Phyllis Jean Rollins used her Winthrop education to impact the lives of hundreds of young men and women in Rock Hill through public recreation. She spent her career directing various recreation programs at Boyd Hill and Emmett Scott Recreation Centers for the Rock Hill Parks and Recreation Department. For 30 years, she provided guidance, discipline, and love to the children who came through the Boyd Hill and Emmett Scott Centers' doors.
Ms. Rollins dedication to the children of Rock Hill was recognized by the NAACP in 1998, by the Rock Hill Boxing Association in 1999, and the City of Rock Hill presented her with the SCRPA Award for her work with Double Dutch in 2000. As local columnists Andrew Dys described her: “ „The Queen of Boyd Hill,‟ is how Boyd Hill‟s kids-turned-adults describe Phyllis Rollins. Her armaments were sacks of basketballs and softball bats and volleyballs. Soccer balls and notebooks for homework. Hugs and love for any who wanted it.” She drove kids to games, helped with homework, used her own money on meals, sneakers, and trophies. She loved her work, she loved the kids, and she loved the city of Rock Hill.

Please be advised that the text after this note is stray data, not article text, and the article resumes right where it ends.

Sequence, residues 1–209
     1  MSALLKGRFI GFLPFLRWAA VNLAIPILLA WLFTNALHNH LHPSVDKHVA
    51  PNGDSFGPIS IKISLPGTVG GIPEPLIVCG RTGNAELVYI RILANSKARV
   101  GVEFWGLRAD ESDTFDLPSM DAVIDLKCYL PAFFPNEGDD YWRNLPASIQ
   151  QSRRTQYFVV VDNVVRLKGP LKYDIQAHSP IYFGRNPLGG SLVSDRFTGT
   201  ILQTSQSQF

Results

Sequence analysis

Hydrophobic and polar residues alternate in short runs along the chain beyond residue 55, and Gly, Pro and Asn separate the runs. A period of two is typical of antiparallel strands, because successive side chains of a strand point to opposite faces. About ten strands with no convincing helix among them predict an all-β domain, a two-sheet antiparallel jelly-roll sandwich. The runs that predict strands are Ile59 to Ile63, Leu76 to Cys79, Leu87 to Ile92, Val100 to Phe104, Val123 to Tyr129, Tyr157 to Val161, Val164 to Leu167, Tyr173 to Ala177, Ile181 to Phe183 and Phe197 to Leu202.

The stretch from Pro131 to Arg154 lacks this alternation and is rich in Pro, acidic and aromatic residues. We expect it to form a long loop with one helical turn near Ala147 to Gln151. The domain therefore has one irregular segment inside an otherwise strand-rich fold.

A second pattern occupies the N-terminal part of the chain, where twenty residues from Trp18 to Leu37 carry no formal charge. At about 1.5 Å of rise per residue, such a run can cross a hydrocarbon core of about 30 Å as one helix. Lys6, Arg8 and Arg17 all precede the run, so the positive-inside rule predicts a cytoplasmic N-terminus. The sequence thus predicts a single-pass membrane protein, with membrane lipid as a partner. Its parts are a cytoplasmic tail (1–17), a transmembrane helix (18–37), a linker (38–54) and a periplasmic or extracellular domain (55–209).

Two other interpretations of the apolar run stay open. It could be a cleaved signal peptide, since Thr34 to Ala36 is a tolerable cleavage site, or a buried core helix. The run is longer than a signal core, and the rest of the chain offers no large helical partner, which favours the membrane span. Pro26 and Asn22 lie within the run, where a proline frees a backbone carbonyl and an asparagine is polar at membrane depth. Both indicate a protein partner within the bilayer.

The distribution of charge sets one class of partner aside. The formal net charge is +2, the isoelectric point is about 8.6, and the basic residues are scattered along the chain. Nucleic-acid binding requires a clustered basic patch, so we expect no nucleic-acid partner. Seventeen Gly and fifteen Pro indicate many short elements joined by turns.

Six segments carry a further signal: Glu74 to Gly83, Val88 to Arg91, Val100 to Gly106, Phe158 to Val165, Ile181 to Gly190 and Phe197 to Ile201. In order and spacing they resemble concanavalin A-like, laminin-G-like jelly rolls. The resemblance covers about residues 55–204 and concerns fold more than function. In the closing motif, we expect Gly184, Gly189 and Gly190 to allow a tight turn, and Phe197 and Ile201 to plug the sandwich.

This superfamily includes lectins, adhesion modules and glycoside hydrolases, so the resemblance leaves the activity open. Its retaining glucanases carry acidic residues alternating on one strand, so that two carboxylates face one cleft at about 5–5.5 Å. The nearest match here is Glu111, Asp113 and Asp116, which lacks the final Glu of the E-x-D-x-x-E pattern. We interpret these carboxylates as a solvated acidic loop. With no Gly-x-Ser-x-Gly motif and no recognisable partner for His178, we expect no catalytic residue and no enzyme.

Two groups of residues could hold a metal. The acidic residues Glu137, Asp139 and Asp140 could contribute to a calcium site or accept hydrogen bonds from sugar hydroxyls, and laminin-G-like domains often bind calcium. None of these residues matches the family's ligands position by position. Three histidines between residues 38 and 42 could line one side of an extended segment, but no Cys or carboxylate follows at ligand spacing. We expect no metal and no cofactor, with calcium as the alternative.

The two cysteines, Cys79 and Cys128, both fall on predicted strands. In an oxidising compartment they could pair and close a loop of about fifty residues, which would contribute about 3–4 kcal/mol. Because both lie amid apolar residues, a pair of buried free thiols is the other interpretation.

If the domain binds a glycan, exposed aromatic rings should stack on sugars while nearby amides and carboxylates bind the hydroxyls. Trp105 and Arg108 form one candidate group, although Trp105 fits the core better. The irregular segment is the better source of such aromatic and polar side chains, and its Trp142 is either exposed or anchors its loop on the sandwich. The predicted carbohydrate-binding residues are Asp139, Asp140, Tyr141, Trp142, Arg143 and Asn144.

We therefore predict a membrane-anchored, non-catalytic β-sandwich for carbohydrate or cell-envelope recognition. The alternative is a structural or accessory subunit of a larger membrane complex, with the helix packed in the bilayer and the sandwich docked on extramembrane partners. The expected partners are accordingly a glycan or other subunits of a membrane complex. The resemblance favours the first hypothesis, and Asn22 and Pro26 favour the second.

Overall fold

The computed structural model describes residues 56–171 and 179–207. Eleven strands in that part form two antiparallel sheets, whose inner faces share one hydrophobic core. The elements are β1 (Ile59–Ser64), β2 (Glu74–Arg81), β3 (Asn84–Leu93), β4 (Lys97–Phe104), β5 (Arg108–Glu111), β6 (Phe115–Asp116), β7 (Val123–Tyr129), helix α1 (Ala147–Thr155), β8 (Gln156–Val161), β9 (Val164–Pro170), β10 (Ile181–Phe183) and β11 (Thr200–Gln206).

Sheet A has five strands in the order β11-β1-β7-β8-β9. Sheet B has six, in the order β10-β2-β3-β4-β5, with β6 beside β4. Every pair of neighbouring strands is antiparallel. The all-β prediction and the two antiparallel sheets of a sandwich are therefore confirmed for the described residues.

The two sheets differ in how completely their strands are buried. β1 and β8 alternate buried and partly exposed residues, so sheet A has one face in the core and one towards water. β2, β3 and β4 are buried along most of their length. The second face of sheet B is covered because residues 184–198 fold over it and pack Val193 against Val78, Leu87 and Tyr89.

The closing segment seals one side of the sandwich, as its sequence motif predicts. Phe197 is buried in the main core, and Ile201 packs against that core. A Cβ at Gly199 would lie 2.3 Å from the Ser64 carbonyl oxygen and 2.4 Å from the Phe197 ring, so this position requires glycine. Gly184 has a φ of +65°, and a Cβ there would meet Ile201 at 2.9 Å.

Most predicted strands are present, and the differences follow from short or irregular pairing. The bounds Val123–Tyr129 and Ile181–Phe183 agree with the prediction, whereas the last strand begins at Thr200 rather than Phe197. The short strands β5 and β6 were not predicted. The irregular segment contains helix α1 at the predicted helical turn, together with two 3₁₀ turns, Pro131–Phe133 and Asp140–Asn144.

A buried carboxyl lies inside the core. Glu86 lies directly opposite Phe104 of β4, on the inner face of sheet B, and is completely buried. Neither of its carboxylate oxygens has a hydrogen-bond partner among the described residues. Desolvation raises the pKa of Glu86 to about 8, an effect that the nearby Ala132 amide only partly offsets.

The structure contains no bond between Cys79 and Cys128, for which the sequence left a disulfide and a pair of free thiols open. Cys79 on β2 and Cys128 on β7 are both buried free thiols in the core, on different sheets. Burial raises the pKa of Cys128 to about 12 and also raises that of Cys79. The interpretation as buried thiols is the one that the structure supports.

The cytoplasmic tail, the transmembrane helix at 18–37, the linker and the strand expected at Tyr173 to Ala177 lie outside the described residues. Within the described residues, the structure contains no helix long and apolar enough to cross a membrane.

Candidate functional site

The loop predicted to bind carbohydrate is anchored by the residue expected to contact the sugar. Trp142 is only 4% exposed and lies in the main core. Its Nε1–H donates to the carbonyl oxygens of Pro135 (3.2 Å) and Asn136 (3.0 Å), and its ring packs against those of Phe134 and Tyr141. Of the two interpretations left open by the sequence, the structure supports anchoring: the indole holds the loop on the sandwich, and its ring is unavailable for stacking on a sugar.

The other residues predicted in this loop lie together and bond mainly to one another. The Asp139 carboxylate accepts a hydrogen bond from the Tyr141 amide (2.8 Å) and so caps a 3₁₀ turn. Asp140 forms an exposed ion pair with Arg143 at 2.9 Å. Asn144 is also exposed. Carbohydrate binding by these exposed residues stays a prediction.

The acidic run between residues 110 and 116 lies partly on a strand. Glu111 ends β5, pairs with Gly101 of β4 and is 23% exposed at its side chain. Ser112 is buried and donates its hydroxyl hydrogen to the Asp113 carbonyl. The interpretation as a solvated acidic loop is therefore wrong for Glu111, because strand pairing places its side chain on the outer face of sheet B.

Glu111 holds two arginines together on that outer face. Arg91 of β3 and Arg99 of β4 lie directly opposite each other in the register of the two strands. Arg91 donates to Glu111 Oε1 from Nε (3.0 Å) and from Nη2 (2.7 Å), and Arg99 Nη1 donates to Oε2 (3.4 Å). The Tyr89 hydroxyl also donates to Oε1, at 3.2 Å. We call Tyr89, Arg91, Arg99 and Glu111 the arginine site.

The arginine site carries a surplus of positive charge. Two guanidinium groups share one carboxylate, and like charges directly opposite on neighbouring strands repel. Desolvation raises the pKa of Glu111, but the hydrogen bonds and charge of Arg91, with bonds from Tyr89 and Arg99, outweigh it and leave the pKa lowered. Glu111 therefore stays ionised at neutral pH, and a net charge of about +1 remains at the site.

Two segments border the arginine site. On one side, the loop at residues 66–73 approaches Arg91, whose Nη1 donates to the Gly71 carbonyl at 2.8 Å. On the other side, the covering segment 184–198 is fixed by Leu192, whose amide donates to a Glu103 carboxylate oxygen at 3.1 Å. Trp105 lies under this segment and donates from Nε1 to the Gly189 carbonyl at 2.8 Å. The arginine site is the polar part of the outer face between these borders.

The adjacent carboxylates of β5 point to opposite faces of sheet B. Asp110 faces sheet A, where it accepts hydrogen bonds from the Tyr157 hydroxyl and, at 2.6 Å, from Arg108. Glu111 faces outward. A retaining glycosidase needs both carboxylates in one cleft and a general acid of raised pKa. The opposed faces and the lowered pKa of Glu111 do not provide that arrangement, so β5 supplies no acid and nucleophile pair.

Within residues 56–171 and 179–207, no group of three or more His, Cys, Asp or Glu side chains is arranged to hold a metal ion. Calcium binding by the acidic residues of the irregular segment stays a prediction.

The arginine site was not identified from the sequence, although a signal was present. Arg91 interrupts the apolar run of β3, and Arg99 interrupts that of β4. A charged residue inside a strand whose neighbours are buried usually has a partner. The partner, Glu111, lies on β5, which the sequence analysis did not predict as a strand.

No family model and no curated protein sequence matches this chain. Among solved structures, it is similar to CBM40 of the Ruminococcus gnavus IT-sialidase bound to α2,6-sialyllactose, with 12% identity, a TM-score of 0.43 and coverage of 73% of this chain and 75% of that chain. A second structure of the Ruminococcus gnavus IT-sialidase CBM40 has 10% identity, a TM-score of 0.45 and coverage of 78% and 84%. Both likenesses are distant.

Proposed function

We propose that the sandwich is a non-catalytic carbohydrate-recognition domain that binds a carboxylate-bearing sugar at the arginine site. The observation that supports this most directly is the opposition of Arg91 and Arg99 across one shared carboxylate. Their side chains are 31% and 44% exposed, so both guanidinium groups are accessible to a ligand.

Her children (now 40 and 50 year old adults) organized a banquet in her honor in 2009. Without help from any agency or politician, this group of former kids of “Phil” arranged an appreciation dinner for the one individual who always had time to give to them. They began a group called BOSS (Building Our Seed Successfully) to continue her work with the current kids of Boyd Hill. BOSS provides young men and women at Boyd Hill and other areas positive role models and mentors these young people in the same way they were mentored by Phyllis Rollins. BOSS is a direct legacy of her 30 year career in public recreation in Rock Hill. The appreciation dinner was their way of saying thank you to a woman who gave so freely of herself and made a difference in so many lives.
Not many people can have a banquet thrown in their honor without some civic group or institution providing the impetus. This was not necessary for Phyllis Rollins. The lives she touched at Boyd Hill and later at the Emmett Scott Center just wanted to let her know how much she meant to them.